How many teams are within 45 minutes of Buffalo, Indianapolis, Portland, Charlotte, Nashville, Columbus or Washington DC? The Orioles are the only one that might qualify, and they are an hour plus from DC, unless you are in a helicopter. I'm saying, give some places that don't have major league baseball a shot before you put an unloved team in NJ. Why spend 20 years to steal a generation of fans from other teams when there are plenty for the asking in other cities? It does not make any sense.

As for the Nets, I never said a second team in a large market wouldn't be viable, so the logic doesn't hold. Just because C doesn't work with A and B does not mean you can say B couldn't work with A, even if B isn't perfect itself. I'm saying a THIRD team in a large market is just incredibly short sited for several reasons, but the big one is that you don't expand the fan base of the sport into new markets. There are already baseball fans in Jersey, the baseball Devils aren't going increase the fandom of the sport, they just tap into the revenue of the teams already there. Putting teams in new cities creates new fans, and GENERATES ADDITIONAL REVENUE for the sport as a whole.

Also if 3 teams worked so great in NY the first time, why did two of them pack up shop?

Also I don't see any NJ ownership group clamoring for a team, so who exactly is going to pay the exhorbitant expansion fee to be third fiddle? Has Jeff Loria or Carl Pohlad or John Henry or anyone else ever expressed an interest in NJ? Not that I've heard, because it's absolutely foolish.

The "logical" choices for a new team are DC and Buffalo in my opinion. Buffalo would be a great market. Their AAA team is among the most successful in the minors, they have a nice field that could be expanded, and they have an avid fan base in other sports, one that supports well managed teams. I agree w/Robert Dudek, in that a team doesn't necessarily have to sell 40,000 tickets per game to be successful.

Also TB could be relocated to Charlotte, Portland or Indianapolis, although I'd at least like to see the team become competitive and still flounder at the gate before we write that market off.
   20. Charles Saeger Posted: December 06, 2001 at 12:16 AM (#604418)
>The "logical" choices for a new team are DC and Buffalo in my opinion.


>Also TB could be relocated to Charlotte, Portland or Indianapolis, although I'd at least like to see the team become competitive and still flounder at the gate before we write that market off.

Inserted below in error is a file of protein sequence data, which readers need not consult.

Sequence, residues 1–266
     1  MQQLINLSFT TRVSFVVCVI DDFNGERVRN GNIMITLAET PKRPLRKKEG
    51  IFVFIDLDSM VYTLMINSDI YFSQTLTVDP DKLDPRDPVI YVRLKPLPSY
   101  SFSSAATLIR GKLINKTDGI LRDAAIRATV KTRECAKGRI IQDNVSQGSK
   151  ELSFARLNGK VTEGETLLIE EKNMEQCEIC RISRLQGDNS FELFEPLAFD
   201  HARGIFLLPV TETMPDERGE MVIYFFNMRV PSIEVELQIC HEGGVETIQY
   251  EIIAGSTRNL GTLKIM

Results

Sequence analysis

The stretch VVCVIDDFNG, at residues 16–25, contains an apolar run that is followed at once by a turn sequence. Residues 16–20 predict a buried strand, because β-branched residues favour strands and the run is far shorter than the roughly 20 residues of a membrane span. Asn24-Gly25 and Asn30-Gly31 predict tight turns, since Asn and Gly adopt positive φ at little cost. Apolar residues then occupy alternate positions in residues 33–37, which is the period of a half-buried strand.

Metro areas in the US, Canada and Puerto Rico, by size: 1. NY 21.2 million, 2. LA 16.4 million, 3. Chicago 9.2 million, 4. Washington/Baltimore 7.6 million, 5. San Francisco/Oakland/San Jose 7.0 million, 6. Philadelphia 6.2 million, 7. Boston 5.8 million, 8. Detroit 5.5 million, 9. Dallas/Fort Worth 5.2 million, 10. Toronto 4.8 million, 11. Houston 4.7 million, 12. Atlanta 4.1 million, 13. Miami 3.9 million, 14. Seattle/Tacoma 3.6 million, 15. Montreal 3.5 million, 16. Phoenix 3.3 million, 17. Minneapolis 3.0 million, 18. Cleveland 2.9 million, 19. San Diego 2.8 million, 20. Saint Louis 2.6 million, 21. Denver 2.6 million, 22. San Juan (PR) 2.5 million, 23. Tampa/Saint Petersburg 2.4 million, 24. Pittsburgh 2.4 million, 25. Portland (OR) 2.3 million, 26. Vancouver 2.0 million, 27. Cincinnati 2.0 million, 28. Sacramento 1.8 million, 29. Kansas City 1.8 million, 30. Milwaukee 1.7 million, 31. Orlando 1.6 million, 32. Indianapolis 1.6 million, 33. San Antonio 1.6 million, 34. Norfolk 1.6 million, 35. Las Vegas 1.6 million, 36. Columbus 1.5 million, 37. Charlotte 1.5 million, 38. New Orleans 1.3 million, 39. Salt Lake City 1.3 million, 40. Greensboro/Winston-Salem 1.3 million, 41. Austin 1.2 million, 42. Nashville 1.2 million, 43. Providence 1.2 million, 44. Raleigh/Durham 1.2 million, 45. Hartford 1.2 million, 46. Buffalo 1.2 million, 47. Memphis 1.1 million, 48. West Palm Beach 1.1 million, 49. Jacksonville 1.1 million, 50. Rochester 1.1 million, 51. Grand Rapids (MI) 1.1 million, 52. Oklahoma City 1.1 million, 53. Ottawa 1.1 million, 54. Louisville 1.0 million

That long list includes everyone with at least a million people. It obviously shows all MLB cities, and most AAA cities.

Buffalo, looking at the list, is anything but the best choice. Granted, they'd also draw from Rochester, but they're close to both the NYC teams and the Blue Jays. Why move there instead of, say, Las Vegas, which has more people and isn't by any other cities? Same story with New Orleans.